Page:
China’s exports of two crucial minerals for semiconductor manufacturing, gallium and germanium, dropped to zero in August after Beijing imposed restrictions on foreign sales. This move comes as China seeks to protect its national security amidst a simmering technology war with the United States. The country is a major producer of these minerals, accounting for 80% of the world’s gallium and 60% of its germanium. However, Chinese customs data released on Monday revealed that no exports of these elements were made last month.
The restrictions on exports highlight China’s willingness to retaliate against US export controls despite concerns about its economic growth. Already grappling with weak domestic demand and a housing crisis, China faces the risk of further damaging its economy by restricting exports. This could also accelerate the shift of supply chains out of the country.
While China may be the industry leader in producing gallium and germanium, there are alternative producers and substitutes available for both materials. Analysts from Eurasia Group suggest that although the impact may be felt in the short term, it is unlikely to have a significant long-term effect on global supply chains.
The collapse in exports has already had an impact within China itself. Gallium prices have fallen as inventories built up due to export controls. On the other hand, tight supply has led to a slight increase in germanium prices.
In July, Beijing announced that gallium and germanium would be subject to export controls to protect its “security and national interests.” These minerals are used in various products, including computer chips and solar panels. The move exacerbates the ongoing technology war between China and the United States over access to advanced chip-making technology.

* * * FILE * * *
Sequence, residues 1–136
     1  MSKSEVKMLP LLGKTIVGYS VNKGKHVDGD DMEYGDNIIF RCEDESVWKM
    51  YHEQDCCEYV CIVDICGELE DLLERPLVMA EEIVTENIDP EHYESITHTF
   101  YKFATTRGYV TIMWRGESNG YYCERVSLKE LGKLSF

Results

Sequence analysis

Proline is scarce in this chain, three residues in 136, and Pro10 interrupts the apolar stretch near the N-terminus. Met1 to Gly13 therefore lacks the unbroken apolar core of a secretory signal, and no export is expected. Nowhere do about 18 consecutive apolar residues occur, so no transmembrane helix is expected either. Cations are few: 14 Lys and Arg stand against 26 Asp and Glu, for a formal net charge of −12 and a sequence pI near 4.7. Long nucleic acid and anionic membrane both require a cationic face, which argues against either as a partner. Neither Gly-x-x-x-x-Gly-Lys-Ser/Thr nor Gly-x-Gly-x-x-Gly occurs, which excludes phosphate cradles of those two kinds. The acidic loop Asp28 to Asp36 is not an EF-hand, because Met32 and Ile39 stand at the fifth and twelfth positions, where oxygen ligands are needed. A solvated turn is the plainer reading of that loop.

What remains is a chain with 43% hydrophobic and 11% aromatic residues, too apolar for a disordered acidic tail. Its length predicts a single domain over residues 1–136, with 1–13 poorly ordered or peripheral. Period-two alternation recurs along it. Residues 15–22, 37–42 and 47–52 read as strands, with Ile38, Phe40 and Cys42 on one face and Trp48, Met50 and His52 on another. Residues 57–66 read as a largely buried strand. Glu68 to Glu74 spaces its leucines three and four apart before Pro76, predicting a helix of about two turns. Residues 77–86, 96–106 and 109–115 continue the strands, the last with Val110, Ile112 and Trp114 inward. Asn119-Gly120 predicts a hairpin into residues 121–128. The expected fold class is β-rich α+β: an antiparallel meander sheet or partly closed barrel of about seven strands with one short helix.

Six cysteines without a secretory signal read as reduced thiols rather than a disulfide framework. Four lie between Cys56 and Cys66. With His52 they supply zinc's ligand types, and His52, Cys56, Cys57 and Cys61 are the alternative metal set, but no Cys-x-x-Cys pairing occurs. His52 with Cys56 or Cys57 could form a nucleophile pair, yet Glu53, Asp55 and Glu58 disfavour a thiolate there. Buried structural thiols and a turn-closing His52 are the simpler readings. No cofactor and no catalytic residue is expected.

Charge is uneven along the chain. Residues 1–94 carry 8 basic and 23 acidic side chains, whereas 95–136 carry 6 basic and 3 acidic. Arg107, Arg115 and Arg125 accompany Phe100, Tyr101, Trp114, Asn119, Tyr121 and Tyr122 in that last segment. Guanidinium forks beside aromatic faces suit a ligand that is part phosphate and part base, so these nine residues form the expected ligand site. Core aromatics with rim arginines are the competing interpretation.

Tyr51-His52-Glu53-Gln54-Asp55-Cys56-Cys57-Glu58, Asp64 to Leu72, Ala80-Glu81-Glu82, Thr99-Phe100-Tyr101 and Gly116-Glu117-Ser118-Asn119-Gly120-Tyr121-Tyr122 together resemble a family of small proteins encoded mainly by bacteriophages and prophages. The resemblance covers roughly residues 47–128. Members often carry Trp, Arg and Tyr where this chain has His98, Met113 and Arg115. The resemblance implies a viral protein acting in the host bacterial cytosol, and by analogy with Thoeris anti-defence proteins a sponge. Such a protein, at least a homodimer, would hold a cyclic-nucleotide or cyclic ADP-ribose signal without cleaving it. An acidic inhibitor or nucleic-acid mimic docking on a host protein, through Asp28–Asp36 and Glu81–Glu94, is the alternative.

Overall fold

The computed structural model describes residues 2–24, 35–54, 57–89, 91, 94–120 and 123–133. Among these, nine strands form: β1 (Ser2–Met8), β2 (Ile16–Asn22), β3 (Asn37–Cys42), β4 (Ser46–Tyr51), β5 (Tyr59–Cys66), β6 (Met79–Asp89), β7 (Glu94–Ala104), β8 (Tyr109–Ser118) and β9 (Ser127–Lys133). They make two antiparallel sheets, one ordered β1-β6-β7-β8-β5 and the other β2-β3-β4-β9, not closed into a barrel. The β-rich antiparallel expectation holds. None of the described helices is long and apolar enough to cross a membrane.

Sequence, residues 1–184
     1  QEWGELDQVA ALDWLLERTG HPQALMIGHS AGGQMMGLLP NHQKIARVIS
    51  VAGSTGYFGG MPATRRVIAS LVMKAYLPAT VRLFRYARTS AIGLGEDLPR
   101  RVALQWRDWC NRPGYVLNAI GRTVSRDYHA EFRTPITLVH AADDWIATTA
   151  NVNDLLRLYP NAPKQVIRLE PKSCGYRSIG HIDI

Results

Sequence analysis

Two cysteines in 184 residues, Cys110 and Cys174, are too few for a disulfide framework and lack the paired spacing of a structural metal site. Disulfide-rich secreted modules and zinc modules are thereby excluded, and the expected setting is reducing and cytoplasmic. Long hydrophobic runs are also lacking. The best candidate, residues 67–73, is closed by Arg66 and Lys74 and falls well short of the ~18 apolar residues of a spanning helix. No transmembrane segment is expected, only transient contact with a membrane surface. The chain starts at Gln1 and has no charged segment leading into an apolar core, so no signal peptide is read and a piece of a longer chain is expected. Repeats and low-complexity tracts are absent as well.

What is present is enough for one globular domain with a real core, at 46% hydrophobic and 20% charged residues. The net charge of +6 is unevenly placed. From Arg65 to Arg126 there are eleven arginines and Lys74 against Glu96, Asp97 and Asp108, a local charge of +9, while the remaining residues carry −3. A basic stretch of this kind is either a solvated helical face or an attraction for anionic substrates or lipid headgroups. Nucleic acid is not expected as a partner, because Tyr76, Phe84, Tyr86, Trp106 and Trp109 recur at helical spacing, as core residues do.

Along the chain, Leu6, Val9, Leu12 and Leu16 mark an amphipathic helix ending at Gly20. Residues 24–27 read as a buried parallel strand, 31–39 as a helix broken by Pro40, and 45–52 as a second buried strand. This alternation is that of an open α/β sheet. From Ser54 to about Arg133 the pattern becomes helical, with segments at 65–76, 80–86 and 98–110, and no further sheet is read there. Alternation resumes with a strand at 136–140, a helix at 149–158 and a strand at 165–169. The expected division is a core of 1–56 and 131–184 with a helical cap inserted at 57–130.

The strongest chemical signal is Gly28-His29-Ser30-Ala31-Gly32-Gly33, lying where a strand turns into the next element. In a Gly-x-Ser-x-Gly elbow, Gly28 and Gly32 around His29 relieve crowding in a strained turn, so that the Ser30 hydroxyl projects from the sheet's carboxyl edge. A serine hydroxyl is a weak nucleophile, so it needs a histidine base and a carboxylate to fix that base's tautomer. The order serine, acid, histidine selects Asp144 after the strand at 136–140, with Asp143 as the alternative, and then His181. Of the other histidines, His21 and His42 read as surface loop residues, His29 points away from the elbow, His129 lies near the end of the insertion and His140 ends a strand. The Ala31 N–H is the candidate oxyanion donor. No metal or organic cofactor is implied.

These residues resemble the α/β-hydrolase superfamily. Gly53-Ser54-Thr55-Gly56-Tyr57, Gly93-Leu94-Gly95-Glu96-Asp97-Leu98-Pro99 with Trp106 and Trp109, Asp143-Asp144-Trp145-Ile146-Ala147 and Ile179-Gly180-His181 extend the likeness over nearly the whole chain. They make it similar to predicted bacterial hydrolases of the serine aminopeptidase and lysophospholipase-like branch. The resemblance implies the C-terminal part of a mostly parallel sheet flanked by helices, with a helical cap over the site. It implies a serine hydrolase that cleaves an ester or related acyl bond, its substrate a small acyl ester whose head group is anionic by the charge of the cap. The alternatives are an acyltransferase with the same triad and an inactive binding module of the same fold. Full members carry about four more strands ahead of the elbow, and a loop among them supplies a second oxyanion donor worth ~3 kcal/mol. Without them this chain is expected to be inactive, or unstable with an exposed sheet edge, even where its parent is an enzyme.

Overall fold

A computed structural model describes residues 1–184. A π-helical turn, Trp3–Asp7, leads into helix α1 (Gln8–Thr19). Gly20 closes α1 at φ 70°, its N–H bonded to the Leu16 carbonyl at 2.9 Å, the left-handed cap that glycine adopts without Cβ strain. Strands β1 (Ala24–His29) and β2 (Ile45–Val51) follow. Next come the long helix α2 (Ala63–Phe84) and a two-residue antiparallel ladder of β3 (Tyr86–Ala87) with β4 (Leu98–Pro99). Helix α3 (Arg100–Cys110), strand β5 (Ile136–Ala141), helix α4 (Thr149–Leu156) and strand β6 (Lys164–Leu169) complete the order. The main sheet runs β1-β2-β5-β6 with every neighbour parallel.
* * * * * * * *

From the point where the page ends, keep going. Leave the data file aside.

Last year, the Biden administration implemented export controls prohibiting Chinese companies from purchasing advanced chips without a license. To make this campaign successful, cooperation from other countries was necessary. Japan and the Netherlands joined this effort earlier this year, further slowing down chip exports to China.
In response, China launched a cybersecurity investigation on US chipmaker Micron in April and subsequently banned it from selling to Chinese companies involved in key infrastructure projects. The recent launch of Huawei’s Mate 60 Pro smartphone, powered by an advanced chip, has put political pressure on the United States to tighten sanctions against Huawei and Semiconductor Manufacturing International Corp (SMIC), the Chinese chipmaker believed to have produced the semiconductor.
As the technology war intensifies, further restrictions on chips from Washington are expected. Analysts at Jefferies suggest that there will be increased pressure for President Biden to tighten the ban against China in the fourth quarter of this year.
The impact of these export controls and retaliatory measures remains uncertain. While they may disrupt supply chains and cause short-term fluctuations in prices, alternative producers and substitutes exist. The long-term effects on global trade dynamics will depend on how countries navigate this complex landscape.
According to CNN, China’s decision to halt exports of gallium and germanium reflects its determination to protect national security interests amidst an ongoing technology war with the United States. The move comes as China faces economic challenges such as weak domestic demand and a housing crisis. However, restricting exports can be a double-edged sword that may damage China’s economy and accelerate the shift of supply chains out of the country. Despite being a major producer of gallium and germanium, alternative producers and substitutes are available globally. The impact is already being felt domestically as gallium prices have fallen due to inventories building up while germanium prices have slightly risen due to tight supply. This article highlights the ongoing technology war between China and the United States over access to advanced chip-making technology which has resulted in export controls imposed by both sides. Further restrictions are expected from Washington following Huawei’s recent smartphone launch powered by an advanced chip created despite US sanctions aimed at isolating Chinese tech giant Huawei from such technology. The long-term effects on global trade dynamics remain uncertain as countries navigate this complex landscape.